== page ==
As I mentioned, Maximus previously helped Apollo escape from Bedlam, and now he's on the run, trying to evade the soldiers who would imprison him again or worse, hang him for the murder of his three friends four years ago. He's hiding out in the charred ruins of a theater and pleasure garden owned by his friend, Asa. Apollo is a genius with plants and designing gardens, a talent which he's using to help Asa, who is trying to rebuild. Everyone thinks Apollo is just a common laborer, although in reality he's not only the head gardener but also the technical heir to an Earldom. Of course, he can't take up his title of Viscount Kilbourne without being found and recaptured. On top of that, he's also mute (at least temporarily) from a severe beating he sustained in Bedlam months earlier. Apollo is attempting to find the real murderer to clear his name, but doesn't have much to go on or much hope he'll succeed. All he's trying to do is stay one step ahead of the authorities. I had fallen for Apollo when he was only a secondary character in the previous book and was so thrilled when I found out he was going to be the next hero. Unlike most "beast" characters, he isn't scarred or maimed, but is equally as vulnerable. He's a great hulking man who pretty much towers over everyone and who doesn't consider himself to be much of a catch. In fact, he refers to himself as an "ugly lump" and feels completely inadequate next to Lily's beauty. Before being committed to Bedlam he had to pay for most of his bedmates and has never had a woman truly find him attractive until Lily. After spending so much time locked up, he's a very lonely man who is starved for affection. Apollo may be a giant, but he's a gentle one, who is kind to both children and animals. He's also extremely protective of Lily and abhors any kind of violence against women. In fact, it was his defense of a helpless woman that earned him the beating in Bedlam. Overall, he's a very sweet man who never considered himself to be violent before being committed, and although that experience changed him, he still only engages in violence in self-defense or defense of others. Apollo is just a very yummy hero who I definitely wouldn't mind having in my corner.:-)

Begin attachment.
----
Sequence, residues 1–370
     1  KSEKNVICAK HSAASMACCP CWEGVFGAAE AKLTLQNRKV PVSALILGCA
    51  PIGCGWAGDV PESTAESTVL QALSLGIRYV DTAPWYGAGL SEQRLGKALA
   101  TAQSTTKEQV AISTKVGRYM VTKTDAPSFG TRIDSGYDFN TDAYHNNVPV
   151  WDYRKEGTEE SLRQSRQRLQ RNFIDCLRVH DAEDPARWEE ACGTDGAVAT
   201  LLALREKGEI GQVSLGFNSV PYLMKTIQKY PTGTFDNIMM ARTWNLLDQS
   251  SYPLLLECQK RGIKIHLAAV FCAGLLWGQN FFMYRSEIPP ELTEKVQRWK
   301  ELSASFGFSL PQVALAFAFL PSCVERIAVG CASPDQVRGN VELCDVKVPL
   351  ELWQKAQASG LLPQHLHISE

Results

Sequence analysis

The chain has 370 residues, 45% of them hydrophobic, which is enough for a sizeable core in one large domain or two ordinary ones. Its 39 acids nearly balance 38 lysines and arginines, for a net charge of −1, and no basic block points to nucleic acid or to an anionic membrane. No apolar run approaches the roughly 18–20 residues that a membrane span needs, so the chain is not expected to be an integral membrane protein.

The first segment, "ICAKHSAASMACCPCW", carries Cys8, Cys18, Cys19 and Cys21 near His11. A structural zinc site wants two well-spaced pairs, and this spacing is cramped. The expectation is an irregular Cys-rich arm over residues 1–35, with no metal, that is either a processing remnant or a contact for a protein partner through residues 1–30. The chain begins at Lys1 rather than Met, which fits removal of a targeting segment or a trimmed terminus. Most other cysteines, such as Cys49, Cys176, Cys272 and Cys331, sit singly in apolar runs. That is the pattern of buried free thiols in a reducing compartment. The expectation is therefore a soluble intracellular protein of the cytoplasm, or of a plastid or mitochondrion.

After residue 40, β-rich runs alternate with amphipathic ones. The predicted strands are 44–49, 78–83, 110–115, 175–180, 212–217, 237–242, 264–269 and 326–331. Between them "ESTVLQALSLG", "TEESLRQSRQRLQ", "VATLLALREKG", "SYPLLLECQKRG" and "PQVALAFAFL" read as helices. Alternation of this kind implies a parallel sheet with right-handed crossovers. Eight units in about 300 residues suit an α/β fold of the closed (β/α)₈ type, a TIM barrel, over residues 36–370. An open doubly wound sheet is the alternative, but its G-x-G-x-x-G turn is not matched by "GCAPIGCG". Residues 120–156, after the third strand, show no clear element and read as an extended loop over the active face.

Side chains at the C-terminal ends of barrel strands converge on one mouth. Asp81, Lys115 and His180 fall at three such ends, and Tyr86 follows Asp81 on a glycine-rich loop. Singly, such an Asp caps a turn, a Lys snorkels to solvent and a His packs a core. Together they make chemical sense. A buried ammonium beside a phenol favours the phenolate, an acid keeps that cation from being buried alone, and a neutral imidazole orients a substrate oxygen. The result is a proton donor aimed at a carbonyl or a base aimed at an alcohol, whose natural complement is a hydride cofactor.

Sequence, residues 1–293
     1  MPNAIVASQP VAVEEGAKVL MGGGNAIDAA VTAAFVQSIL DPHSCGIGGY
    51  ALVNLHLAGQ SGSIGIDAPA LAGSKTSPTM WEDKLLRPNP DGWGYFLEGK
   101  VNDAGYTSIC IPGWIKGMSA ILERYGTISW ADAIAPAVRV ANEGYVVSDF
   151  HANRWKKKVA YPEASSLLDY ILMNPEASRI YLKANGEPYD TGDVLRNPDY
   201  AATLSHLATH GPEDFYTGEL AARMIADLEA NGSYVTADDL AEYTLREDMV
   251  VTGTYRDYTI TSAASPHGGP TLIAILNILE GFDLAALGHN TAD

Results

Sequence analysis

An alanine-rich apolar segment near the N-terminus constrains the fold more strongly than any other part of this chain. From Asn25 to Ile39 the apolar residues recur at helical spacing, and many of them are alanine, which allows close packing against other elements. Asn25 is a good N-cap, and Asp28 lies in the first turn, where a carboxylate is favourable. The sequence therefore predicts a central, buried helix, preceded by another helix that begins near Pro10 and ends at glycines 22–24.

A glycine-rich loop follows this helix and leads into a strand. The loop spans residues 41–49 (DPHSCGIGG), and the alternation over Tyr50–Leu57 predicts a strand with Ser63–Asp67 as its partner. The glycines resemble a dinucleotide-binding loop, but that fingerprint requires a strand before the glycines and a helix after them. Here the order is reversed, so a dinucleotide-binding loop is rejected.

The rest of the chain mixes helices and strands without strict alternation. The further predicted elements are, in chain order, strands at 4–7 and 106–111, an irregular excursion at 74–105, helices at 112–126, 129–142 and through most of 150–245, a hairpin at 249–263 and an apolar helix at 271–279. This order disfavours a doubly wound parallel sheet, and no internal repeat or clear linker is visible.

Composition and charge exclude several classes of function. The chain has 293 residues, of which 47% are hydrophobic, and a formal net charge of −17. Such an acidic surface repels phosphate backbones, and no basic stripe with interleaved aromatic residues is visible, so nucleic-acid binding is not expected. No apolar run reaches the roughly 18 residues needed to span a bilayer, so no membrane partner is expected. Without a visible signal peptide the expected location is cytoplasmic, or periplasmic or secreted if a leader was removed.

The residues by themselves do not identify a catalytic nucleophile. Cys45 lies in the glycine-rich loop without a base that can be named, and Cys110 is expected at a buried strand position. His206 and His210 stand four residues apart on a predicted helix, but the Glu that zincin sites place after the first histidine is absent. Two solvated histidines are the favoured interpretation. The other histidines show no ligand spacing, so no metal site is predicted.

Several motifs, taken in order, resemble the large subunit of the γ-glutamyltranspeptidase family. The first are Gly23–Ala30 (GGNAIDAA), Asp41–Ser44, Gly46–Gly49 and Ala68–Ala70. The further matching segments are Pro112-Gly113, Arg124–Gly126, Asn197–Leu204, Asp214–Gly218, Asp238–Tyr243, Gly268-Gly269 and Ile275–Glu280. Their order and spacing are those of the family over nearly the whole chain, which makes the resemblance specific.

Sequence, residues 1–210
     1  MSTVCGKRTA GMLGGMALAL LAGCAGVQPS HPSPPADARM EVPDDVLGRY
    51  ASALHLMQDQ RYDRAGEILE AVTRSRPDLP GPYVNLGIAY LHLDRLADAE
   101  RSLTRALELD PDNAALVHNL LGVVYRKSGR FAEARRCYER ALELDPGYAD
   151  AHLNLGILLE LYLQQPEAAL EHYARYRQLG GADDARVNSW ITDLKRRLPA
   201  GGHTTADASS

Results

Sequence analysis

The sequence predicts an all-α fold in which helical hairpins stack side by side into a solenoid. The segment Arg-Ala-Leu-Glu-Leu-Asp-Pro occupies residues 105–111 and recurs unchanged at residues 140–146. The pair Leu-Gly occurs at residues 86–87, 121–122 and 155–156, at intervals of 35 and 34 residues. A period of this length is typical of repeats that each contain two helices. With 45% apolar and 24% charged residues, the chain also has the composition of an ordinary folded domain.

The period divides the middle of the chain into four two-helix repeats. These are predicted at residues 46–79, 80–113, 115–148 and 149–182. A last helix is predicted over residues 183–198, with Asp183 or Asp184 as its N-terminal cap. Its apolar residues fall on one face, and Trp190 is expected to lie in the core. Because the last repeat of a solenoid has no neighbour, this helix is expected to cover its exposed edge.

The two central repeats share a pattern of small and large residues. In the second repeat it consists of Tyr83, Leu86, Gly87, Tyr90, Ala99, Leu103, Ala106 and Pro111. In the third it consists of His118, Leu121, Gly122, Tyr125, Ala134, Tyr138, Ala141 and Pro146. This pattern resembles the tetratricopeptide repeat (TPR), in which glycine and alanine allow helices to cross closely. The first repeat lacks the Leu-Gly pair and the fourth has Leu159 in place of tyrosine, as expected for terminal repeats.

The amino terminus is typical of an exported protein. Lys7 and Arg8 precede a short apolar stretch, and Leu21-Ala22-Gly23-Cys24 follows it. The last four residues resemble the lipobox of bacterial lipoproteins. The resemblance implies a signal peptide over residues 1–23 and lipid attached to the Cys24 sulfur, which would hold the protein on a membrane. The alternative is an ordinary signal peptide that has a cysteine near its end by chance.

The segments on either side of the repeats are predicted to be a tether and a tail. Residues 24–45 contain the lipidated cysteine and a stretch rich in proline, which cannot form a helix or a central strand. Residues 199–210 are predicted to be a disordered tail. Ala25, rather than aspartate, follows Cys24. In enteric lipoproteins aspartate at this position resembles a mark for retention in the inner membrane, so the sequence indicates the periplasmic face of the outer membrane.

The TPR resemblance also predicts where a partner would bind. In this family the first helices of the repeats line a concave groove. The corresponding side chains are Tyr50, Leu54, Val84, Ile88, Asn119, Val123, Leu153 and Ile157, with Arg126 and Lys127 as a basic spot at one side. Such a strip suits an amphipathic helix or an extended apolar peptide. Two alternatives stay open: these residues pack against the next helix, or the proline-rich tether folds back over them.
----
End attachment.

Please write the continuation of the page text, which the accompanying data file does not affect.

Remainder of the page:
Lily is a talented actress who is well-known throughout London for her unconventional roles. She's also a playwright, but that is a fact virtually no one knows. Partly because she is a woman and partly because her brother has the proper connections to sell the plays, she allows him to do so in his own name, taking no credit for her work. She is the mother of a young son and desperately needs the money to provide for him and their maid. They're down on their luck and living in the part of the theater that was left standing after the fire. Lily is an excellent mother, kind and caring but firm, and she would do anything to protect her son. When she meets Apollo, she can't help being drawn to him, even though she doesn't really know anything about him. I love how Lily sees him as an attractive man, perhaps not quite in the classical sense, but she appreciates all of his physical attributes - even the ones he himself finds unattractive - when no one else really has. She accepts him for who he is right from the start and instinctively knows that he's a gentle soul. I love how she believes in his innate goodness even before he's able to open up to her about his past and even though she has good reasons not to. When she finds out what he stands accused of, she knows deep in her heart that this man who has treated her and her child with so much kindness and tenderness couldn't be guilty, so she stands by his side, doing what she can to help.